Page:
IBM (NYSE: IBM) and Libelium, a wireless sensor network hardware provider, today released an Internet of Things Starter Kit to enable dozens of sensor applications ranging from monitoring parking spaces or air pollution to providing assistance for the elderly.
Created by IBM scientists and Libelium engineers to ease application development, testing, and scalability of wireless sensor networks (WSN), the new Internet of Things Starter Kit integrates Libelium’s Waspmote wireless sensor platform with IBM’s Mote Runner software and 6LoWPAN, which allows every single sensor and device to connect directly to the Internet using the new IPv6 protocol.
The development environment of Mote Runner consists a complete tool chain (i.e., converter, assembler, optimizer, shell) to develop mote applications in high-level object-oriented languages such as Java. It comes with its own IDE based on Eclipse as well as a mote and network simulation environment to ease application development and testing. A web-based deployment and monitoring framework in concert with an edge server finally allows the integration and visualization of Mote Runner sensor networks.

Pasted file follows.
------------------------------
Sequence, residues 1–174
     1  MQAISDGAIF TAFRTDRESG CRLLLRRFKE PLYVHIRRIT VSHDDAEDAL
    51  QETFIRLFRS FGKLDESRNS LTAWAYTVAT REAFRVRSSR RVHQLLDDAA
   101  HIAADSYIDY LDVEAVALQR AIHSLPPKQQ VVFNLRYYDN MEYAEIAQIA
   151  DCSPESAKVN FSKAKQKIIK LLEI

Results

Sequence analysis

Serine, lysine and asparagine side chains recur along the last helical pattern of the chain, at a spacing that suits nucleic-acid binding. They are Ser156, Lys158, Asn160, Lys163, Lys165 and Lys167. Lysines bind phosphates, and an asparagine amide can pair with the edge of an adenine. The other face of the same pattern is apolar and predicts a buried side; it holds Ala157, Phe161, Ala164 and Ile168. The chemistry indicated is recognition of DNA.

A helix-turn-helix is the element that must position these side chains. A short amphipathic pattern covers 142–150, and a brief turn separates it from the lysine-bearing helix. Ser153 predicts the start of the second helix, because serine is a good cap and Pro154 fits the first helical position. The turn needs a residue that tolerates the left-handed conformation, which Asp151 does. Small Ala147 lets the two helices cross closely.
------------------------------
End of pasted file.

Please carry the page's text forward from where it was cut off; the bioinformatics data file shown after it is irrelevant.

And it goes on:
Agam Shah på IDG writes about the announcement:
The companies on Monday introduced the Waspmote Mote Runner, a computer that can collect and share data with other devices within wireless range. IBM is providing the software tools while Libelium is making the hardware, which will include sensors to collect weather, server temperature and other information.
The hardware is a motherboard with sensors for gases, oxygen, carbon dioxide, temperature, motion, light, soil temperature, GPS and others. The board comes with standard interfaces including Ethernet and serial interfaces, so it can be plugged into existing hardware like smart meters or installations like solar energy plants.